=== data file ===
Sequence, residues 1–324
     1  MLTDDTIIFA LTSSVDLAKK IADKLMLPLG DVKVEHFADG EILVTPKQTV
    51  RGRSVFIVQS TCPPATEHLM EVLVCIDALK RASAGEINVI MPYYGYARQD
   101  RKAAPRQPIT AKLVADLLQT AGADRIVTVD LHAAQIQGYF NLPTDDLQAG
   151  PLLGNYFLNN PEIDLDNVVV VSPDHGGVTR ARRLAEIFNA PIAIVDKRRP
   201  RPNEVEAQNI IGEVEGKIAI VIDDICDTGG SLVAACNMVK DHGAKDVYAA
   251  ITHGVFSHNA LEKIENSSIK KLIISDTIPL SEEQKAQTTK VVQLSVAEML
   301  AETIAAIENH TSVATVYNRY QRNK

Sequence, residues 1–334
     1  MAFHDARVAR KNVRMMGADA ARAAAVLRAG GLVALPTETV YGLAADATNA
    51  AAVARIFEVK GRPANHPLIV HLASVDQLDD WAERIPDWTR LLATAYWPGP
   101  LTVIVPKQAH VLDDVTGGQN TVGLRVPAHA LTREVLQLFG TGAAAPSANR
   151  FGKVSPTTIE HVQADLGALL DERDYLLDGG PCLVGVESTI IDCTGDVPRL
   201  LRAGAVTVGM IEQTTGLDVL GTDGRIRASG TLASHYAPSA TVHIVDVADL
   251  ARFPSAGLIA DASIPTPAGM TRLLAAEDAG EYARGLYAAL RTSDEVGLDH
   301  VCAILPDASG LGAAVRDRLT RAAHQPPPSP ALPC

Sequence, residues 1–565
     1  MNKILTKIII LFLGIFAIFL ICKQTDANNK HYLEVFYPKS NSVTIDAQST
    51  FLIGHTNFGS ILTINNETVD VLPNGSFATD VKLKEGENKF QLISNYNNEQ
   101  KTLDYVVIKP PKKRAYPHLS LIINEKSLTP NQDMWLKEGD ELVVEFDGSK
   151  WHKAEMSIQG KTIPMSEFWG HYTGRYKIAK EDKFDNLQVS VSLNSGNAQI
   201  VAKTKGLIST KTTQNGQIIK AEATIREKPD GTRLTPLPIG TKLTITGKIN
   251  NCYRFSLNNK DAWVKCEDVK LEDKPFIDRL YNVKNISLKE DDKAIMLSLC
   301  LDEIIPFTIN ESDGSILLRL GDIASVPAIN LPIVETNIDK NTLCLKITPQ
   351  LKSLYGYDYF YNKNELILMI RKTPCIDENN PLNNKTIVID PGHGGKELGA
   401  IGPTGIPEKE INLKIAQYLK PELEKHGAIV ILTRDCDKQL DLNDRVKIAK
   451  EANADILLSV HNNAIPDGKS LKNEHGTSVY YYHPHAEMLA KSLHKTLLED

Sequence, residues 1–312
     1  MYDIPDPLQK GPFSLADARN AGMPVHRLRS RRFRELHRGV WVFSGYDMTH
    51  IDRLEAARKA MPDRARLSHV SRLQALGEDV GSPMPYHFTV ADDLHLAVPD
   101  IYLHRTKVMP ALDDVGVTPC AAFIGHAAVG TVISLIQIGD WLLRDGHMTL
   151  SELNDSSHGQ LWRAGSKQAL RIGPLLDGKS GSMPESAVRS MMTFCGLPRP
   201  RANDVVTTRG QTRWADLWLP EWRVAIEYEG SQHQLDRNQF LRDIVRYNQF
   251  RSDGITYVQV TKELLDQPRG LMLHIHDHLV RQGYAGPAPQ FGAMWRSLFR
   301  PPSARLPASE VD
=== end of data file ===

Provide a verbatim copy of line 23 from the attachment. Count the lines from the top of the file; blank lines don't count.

   251  NCYRFSLNNK DAWVKCEDVK LEDKPFIDRL YNVKNISLKE DDKAIMLSLC